Twitter Says Govt Limits Set for Transparency Reports Violate First Amendment, Considers Lawsuit

Twitter doesn't believe that reporting FISA request numbers in bands of 1,000 is enough

Twitter is none too pleased with the new changes made by the US government to the policy regarding disclosures of government data requests. While the modifications are a step forward, they are nowhere near what the tech industry was hoping for.

“For the disclosure of national security requests to be meaningful to our users, it must be within a range that provides sufficient precision to be meaningful. Allowing Twitter, or any other similarly situated company, to only disclose national security requests within an overly broad range seriously undermines the objective of transparency. In addition, we also want the freedom to disclose that we do not receive certain types of requests, if, in fact, we have not received any,” writes Twitter’s Jeremy Kessel, manager for global legal policy.

He is referring, of course, to the fact that the US government is only letting companies report numbers in bands of 1,000, which makes it rather impossible to create an accurate image of the situation.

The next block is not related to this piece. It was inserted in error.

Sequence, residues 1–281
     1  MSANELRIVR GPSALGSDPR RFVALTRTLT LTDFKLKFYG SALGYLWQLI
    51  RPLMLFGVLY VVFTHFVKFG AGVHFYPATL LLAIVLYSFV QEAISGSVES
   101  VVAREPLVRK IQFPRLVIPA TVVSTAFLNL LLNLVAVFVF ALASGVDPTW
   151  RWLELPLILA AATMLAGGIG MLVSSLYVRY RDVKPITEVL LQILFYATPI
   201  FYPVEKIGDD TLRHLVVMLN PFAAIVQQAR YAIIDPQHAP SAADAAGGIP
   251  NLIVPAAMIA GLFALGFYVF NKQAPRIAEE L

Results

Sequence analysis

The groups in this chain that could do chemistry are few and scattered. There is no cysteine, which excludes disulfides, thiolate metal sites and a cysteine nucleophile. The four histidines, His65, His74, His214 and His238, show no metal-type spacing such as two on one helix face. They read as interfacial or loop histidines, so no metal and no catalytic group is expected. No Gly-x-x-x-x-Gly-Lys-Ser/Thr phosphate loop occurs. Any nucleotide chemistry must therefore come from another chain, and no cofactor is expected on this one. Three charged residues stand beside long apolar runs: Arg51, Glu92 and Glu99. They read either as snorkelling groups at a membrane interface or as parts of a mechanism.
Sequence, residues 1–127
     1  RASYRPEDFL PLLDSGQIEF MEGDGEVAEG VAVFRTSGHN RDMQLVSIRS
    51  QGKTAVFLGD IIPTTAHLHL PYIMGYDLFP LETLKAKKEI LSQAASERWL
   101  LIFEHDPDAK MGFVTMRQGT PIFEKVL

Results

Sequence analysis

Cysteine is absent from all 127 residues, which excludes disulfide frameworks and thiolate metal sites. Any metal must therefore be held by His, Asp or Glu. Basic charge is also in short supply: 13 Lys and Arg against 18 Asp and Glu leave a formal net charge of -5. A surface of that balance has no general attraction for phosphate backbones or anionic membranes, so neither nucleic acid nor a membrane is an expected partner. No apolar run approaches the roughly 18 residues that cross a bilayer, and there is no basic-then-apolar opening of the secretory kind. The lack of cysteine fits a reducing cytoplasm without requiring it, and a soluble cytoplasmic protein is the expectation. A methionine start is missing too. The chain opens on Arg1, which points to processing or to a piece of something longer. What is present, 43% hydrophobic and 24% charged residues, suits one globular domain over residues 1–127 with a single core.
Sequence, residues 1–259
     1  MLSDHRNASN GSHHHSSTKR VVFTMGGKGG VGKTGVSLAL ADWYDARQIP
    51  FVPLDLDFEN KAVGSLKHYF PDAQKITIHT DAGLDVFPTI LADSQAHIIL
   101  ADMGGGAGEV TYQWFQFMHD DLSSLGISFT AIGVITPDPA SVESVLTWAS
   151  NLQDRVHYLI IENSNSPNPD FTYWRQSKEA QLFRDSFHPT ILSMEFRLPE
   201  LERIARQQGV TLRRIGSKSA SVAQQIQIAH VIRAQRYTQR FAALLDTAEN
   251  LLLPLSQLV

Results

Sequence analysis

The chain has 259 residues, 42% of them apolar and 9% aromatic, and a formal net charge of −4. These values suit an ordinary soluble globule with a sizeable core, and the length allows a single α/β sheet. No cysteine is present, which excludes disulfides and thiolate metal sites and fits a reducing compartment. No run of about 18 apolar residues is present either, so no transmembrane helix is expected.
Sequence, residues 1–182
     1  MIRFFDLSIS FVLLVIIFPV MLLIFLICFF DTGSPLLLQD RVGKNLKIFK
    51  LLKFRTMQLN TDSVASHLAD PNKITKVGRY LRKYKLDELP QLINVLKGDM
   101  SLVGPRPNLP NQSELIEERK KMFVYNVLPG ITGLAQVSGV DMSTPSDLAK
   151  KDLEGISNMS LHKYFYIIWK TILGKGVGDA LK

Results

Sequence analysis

“Unfortunately, we are currently prohibited from providing this level of transparency. We think the government’s restriction on our speech not only unfairly impacts our users’ privacy, but also violates our First Amendment right to free expression and open discussion of government affairs,” states the company’s message.

So, the company is once more pressing the Department of Justice to allow more transparency and has proposed changes that will make future disclosures concerning national security requests more relevant for users.

“We are also considering legal options we may have to seek to defend our First Amendment rights,” Twitter wrote.

To make matters worse, Twitter reveals that over the past several years, there have been increasingly more data requests, both for metadata and for actual user-generated content, both public and private.

Twitter isn’t the only company displeased with the limitations set by the US government. Google, Microsoft, Facebook and Yahoo have also expressed their concerns.

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